) is a city in the Central Bohemian Region
of the Czech Republic
, on the left bank of the Jizera
river about 50 km northeast of Prague
Founded in the second half of the 10th century by King Boleslav II as a royal castle. Because there already was a castle known as Boleslav near Prague, this new castle was named Mladá (young) to distinguish it from the older Boleslav, which became known in the 15th century as Stará Boleslav (Old Boleslav). The town received partial city rights in 1334 and 1436, becoming an important site on the road from Prague to northern Bohemia, Lusatia, and Brandenburg. In the 16th century the town was a leading centre of the Unitas Fratrum / Unity of the Brethren / Moravian Church church, hosting the Brethren's bishop, Renaissance church, and printing house. After being re-Catholicized in the 17th century, the town's population declined.
In the 17th and 18th centuries, Mladá Boleslav was an important Jewish center. In this period, about one half of the town's population was Jewish. In the 19th century (in fact, the period of decline of the Jewish community), Mladá Boleslav was dubbed "Jerusalem on Jizera". In 1634, Jacob Bashevi von Treuenberg (born 1580 in Verona, Italy), the first ennobled Jew in the Hapsburg monarchy, was buried on the Jewish cemetery in Mladá Boleslav.
In the 19th century new prosperity came: the town became an important regional centre as new schools, theatres, museums, and the Laurin & Klement (today Škoda) automobile factory were founded. After the communist revolution in 1948, the town suffered a mass decline, however it has been improving since the 1990s as the factory is making it one of the richest Czech towns.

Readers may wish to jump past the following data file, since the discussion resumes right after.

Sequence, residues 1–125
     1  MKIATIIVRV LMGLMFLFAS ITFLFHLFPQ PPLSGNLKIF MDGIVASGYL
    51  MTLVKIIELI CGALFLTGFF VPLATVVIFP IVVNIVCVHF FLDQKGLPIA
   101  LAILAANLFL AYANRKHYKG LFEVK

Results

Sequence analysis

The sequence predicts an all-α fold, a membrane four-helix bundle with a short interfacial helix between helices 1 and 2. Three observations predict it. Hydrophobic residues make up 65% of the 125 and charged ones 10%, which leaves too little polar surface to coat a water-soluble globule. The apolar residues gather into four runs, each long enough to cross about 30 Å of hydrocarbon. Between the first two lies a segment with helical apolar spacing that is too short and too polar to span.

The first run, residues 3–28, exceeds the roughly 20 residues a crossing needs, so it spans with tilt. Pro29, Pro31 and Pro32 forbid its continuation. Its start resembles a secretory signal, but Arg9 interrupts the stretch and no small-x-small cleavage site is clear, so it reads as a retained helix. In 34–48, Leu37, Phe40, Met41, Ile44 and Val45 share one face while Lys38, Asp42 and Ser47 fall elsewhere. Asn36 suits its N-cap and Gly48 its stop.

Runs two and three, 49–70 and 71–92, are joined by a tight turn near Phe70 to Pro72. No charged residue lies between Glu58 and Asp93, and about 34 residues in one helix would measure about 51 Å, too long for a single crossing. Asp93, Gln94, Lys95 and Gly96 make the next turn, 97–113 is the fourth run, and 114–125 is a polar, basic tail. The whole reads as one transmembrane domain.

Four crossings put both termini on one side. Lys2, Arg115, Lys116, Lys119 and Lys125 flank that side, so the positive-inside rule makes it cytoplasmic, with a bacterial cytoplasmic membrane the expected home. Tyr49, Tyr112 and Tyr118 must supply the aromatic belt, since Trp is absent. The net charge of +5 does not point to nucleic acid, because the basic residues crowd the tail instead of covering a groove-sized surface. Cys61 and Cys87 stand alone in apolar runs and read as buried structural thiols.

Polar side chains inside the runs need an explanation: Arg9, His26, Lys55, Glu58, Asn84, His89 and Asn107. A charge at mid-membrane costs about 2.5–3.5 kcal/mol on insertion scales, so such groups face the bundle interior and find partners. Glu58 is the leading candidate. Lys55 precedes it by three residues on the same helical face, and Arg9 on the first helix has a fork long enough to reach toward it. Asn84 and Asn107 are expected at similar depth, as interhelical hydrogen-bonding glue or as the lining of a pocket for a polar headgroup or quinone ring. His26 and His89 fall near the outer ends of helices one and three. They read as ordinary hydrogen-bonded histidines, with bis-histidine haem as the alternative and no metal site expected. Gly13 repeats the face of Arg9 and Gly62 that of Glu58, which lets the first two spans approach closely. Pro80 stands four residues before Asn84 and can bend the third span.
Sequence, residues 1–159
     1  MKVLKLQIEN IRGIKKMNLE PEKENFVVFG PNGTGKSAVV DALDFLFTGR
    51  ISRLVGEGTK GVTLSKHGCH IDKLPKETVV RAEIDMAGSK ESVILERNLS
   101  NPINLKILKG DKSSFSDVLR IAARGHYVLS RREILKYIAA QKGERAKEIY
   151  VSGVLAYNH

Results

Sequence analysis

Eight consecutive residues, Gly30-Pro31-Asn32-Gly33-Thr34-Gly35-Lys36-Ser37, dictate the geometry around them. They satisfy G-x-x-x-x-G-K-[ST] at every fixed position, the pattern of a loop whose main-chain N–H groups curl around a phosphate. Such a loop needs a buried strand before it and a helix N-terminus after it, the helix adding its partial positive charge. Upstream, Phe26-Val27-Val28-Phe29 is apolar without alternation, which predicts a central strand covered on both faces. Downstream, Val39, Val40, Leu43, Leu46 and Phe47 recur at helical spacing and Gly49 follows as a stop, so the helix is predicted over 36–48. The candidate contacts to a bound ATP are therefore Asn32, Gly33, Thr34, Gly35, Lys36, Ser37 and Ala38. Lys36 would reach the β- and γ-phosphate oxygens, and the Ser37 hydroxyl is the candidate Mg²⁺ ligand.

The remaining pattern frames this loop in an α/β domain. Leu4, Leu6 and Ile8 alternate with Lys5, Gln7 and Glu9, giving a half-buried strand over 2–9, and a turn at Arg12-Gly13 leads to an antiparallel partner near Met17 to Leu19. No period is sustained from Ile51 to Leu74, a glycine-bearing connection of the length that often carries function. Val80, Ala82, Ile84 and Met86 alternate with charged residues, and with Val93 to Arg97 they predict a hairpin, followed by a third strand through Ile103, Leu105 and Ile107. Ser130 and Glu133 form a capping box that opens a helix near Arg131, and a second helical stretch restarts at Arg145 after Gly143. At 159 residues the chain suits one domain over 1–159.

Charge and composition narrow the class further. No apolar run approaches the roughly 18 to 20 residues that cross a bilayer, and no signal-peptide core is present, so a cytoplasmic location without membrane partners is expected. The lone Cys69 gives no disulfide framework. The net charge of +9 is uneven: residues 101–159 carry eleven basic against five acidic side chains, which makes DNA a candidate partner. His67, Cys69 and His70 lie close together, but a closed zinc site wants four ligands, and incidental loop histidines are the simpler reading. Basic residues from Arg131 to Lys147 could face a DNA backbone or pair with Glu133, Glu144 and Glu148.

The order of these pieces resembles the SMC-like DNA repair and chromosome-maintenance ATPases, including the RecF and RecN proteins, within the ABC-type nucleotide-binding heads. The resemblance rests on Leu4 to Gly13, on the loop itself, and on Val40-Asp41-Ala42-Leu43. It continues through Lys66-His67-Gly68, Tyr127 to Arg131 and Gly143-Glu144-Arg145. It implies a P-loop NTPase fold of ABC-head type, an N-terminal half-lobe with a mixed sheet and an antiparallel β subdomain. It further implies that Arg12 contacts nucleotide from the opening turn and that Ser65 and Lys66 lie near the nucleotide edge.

The local football team FK Mladá Boleslav qualified for the 2006/7 Uefa Cup via the Uefa Champions League and surprisingly beat Olympique de Marseille 4-3 on aggregate in the first round.
- Templ Municipal History Museum - new holographic exhibition in gothic town-palace;
- Škoda Museum - Car museum;
- Brethren renaissance cathedral - public open gallery;
- Regional Museum - Historical, cultural and social history collections
- Ctibor Tovačovský z Cimburka (1437 - 1494), important law theorist
- Lucas of Prague (1460 - 1528), Brethren bishop, theologian and writer
- Jiří Kezelius-Bydžovský (1576 - 1655), historian
- Jan Norbert z Neuberka (1796 - 1859), politician, co-founder of Bohemian National Museum, historian
- Vincenc Zahradník (1790 - 1836), writer
- Alois Vojtěch Šmilovský (1837 - 1883), writer
- Siegfried Kapper (1821 - 1879), writer
- František Gellner (1881 - after 1914), important poet
- Alfréd Meissner (1871 - 1950), law theorist, leader of the Social Democratic Party, justice minister and minister of social welfare in the 1st Czechoslovak republic, deputy Jewish Elder in the Terezín ghetto in 1944 to 1945
- Adina Mandlová (1910 - 1991), actress, was born there.
- Mila Rechcigl (1930-), scientist and long-term president of the Czechoslovak Society of Arts and Sciences (SVU) was born here.
- Jan Železný (1966-), three-time Olympic gold medalist and three-time world champion in the javelin
- Martin Havlát (1981-), NHL player for the Chicago Blackhawks
- Radim Vrbata (1981-), NHL player for the Chicago Blackhawks
- Marek Schwarz (1986-), NHL goalie for the St. Louis Blues